- So, Stalin decided to go with a combination of both options.
- Stalin instituted a harsh program of economic reconstruction that imposed heavy burdens on workers and peasants and sacrificed consumption to investment to investment in heavy industry.
- He also turned to Eastern Europe, extracting an estimate 13 billion dollars with of resources from them, and Soviet occupation zones in Germany. This irreparably damaged Soviet relations with Eastern Europe.
- By the end of the war, the Soviet Union had reabsorbed Estonia, Latvia, and Lithuania and had annexed portions of Czechoslovakia, Romania, and Germany. They also established communist regimes in Hungary, Yugoslavia, and Albania.
- However, the establishment of these regimes was not solely the result of a conscious effort by the USSR to dominate the region. The War had created revolutionary conditions there, paving the way for communist regimes to take place.
- The annihilation of the region’s Jews and the expulsion of Germans had disrupted the regions economic life.
- Soviet efforts to create more secure borders in neighboring countries interfered with their reconstruction requirements and also were complicated by resistance of local populations, which was often harshly repressed.
- The expansion of Soviet power and influence into central Europe alarmed the United States and other Western leaders and made them worry that soviet domination of Eastern Europe would lead to limited access to needed international markets. It also posed a security threat to Western Europe.
- So, based on the “long telegram” by George Kennan, the United States fashioned a foreign policy that focused on containing the spread of Soviet powerful and communist influence.
- The United States did not fear a war from the USSR because they knew they were too weak. Rather, they feared that communist would exploit postwar power vacuums and take power, and that this would turn the global balance of power against the united states and deny them access to important market worldwide.
-US policymakers believed that to improve the global economy, had to fix Western Europe and Japan’s economies
-Kennan’s concerns confirmed
• Rejected US plan to control atomic energy (Bernard Baruch, 1946)
• Rejected the part of plan where permanent members of UN Security Council had to give up right of veto in matters relating to atomic energy.
-Cold War tensions:
• British power shrinking
• Regional rivalries
• Internal political polarization (combined in Iran, Greece, Turkey)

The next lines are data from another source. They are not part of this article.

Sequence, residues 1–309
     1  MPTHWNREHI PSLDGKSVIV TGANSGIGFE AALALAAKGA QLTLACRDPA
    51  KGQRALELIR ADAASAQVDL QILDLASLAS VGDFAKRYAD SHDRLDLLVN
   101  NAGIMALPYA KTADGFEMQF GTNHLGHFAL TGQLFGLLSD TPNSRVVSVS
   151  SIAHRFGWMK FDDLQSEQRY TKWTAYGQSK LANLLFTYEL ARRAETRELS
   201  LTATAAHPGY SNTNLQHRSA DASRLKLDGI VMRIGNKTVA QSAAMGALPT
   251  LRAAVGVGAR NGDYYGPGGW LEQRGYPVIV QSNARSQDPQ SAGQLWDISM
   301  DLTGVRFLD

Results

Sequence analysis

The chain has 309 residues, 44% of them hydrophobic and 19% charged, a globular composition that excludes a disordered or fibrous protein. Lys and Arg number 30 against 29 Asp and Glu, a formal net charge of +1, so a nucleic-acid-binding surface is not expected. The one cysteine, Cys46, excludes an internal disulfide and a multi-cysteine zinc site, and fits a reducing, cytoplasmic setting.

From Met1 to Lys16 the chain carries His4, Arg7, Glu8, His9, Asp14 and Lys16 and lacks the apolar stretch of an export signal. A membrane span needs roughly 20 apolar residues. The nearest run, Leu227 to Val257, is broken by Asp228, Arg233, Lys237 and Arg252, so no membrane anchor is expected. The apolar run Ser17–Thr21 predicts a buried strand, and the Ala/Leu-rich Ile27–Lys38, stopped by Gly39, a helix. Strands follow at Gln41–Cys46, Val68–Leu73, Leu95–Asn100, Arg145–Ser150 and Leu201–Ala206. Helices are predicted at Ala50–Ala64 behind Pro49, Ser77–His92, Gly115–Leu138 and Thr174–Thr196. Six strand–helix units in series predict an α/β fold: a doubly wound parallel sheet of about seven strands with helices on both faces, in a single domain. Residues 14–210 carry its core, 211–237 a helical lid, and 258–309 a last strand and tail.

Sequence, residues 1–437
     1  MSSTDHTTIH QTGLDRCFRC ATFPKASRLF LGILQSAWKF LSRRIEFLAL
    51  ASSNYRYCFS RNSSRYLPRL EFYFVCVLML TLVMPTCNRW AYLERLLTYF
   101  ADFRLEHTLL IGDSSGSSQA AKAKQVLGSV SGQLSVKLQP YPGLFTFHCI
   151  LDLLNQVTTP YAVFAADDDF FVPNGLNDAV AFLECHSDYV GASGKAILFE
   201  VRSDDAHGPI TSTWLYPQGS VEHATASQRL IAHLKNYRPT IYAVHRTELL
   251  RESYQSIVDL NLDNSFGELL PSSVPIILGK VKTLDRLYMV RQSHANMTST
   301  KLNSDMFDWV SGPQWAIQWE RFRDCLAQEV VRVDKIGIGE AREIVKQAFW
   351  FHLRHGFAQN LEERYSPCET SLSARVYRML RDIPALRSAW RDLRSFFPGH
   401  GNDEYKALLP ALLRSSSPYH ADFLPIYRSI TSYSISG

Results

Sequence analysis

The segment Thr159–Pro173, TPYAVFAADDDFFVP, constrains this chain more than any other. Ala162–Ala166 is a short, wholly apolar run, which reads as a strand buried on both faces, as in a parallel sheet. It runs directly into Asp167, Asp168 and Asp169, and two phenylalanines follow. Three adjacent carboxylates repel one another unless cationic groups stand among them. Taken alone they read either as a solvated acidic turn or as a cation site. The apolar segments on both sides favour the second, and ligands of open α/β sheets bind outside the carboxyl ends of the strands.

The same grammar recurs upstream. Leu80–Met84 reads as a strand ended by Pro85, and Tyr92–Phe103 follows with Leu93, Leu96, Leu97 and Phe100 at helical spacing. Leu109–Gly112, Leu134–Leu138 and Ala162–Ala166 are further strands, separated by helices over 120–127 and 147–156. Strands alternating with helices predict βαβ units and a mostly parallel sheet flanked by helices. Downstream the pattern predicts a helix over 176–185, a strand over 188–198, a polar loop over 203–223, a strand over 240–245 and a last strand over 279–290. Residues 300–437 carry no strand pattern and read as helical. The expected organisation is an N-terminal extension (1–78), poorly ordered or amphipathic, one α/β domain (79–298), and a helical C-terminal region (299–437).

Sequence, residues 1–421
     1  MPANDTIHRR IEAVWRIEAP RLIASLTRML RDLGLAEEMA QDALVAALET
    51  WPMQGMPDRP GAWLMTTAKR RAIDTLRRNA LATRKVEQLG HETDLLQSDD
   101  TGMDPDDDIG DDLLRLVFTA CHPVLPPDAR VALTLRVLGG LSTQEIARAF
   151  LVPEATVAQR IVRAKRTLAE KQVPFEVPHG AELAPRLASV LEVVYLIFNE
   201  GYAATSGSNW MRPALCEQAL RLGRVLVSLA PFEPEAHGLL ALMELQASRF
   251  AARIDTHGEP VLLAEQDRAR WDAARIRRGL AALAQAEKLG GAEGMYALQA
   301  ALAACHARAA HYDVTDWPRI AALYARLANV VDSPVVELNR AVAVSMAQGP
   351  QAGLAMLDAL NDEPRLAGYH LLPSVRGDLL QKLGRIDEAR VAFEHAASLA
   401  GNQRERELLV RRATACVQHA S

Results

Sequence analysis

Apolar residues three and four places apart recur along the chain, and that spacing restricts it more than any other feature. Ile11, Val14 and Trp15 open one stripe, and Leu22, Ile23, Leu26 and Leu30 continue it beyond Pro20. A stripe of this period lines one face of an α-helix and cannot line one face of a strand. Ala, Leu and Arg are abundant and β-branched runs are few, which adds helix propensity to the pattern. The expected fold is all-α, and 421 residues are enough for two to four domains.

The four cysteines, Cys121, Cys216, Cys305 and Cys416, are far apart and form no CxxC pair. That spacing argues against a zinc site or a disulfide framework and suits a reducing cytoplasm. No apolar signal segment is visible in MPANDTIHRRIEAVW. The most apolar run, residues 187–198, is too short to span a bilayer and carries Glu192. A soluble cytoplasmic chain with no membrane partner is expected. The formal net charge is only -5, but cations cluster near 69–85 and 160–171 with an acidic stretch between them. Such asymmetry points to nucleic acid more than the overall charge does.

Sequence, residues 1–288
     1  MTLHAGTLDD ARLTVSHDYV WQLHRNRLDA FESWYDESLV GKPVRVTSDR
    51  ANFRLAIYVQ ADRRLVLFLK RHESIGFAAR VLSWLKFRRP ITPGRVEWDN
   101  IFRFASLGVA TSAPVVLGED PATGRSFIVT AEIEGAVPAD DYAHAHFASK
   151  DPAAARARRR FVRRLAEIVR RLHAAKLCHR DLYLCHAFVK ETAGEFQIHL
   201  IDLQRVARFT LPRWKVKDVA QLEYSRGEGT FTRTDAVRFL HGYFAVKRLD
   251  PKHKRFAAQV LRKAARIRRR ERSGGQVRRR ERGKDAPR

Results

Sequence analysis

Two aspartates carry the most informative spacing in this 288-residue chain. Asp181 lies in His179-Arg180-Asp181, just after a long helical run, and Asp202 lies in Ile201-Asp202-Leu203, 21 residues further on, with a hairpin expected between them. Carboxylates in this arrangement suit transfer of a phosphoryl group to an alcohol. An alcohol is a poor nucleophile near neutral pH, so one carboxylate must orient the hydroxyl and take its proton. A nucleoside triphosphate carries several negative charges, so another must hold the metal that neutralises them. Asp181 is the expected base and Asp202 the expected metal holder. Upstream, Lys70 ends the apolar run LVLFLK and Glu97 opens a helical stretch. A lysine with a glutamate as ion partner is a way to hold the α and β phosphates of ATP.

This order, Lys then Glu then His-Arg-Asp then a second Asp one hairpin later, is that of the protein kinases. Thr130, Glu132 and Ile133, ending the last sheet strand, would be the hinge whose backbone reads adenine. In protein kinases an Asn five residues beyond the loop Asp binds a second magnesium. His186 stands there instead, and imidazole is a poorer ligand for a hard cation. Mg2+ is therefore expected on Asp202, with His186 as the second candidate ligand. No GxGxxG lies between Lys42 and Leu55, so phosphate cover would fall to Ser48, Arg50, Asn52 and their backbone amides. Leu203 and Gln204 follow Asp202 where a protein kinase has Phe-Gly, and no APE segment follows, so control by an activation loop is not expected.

-1942 Soviet treaty with Iran—delayed withdrawing occupation forces
-Civil war in Greece resumes (commie-led guerrillas took up arms against the gov.)
-Yugoslav commies aided Greek rebels
-Truman Doctrine of 1947
• Containment of communism
• Elicited political support which enabled US leaders to act on beliefs about relationship between politics, economics, and US security.
-National Security Act (advise the president on foreign affairs and defense policy)
-Thus creating the CIA (Central Intelligence Agency) to gather and analyze intelligence and conduct covert operations.
-US leaders regarded communism a threat because of the connections with Soviet Power, ideological and economic threat (hostility to free market and essentially, a capitalist society)
-Political freedom! Many Americans scared.
-Truman requests aid for Greece and Turkey (thus, Turkey is determined to resist Soviet pressure. Also, provided US with forward bases to support aerial assaults on Soviet Union in case of war.)
-US actions in Greece, Turkey, Iran demonstrates US’ determination to resist communism and maintain access to oil.
-Fuel crisis from harsh winter of 46-47 led to economic growth stunted in Western Europe, social unrest, political instability, and declining foreign exchange reserves.
Source of Western Europe’s economic difficulties = trade and payment problems
Key problem = collapse of German production—forced other European countries to turn to the U.S.
- turned to U.S. for food, fuel and manufactured goods
Western Europe struggled—financing the war effort left them with a lack of foreign investment—wartime losses caused a decrease in shipping earnings as well
U.S. leaders feared that economic distress would translate into support for communist parties, especially in France and Italy.
U.S. then provided billions of dollars for Western Europe in the form of grants.
U.S. influenced:
- how Western European elites defined their own interests
- the alteration of the internal balance of power among the decision-making groups
U.S. also helped promote European economic integration
rebuilding German economic strength = crucial to the recovery of European economy
German reconstruction = offered solution to problems of increasing European production and reducing Europe’s dollar imports
U.S.—made Germany eligible for Marshall Plan aidàmoving Germany toward self-government
Marshall Plan also solidified Europe—worried Soviets
Soviet fear:
- Western aid in Europe would undermine their influence